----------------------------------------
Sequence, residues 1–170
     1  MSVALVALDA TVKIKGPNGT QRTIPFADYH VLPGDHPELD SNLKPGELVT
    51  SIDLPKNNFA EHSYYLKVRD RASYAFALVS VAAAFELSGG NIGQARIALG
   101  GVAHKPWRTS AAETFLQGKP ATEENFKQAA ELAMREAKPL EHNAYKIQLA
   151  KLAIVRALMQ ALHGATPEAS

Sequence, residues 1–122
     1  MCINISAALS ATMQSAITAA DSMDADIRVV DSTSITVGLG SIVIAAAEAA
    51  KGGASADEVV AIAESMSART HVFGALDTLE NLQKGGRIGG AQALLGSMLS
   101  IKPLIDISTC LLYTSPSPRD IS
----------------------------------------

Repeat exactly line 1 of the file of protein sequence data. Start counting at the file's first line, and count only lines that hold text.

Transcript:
Sequence, residues 1–170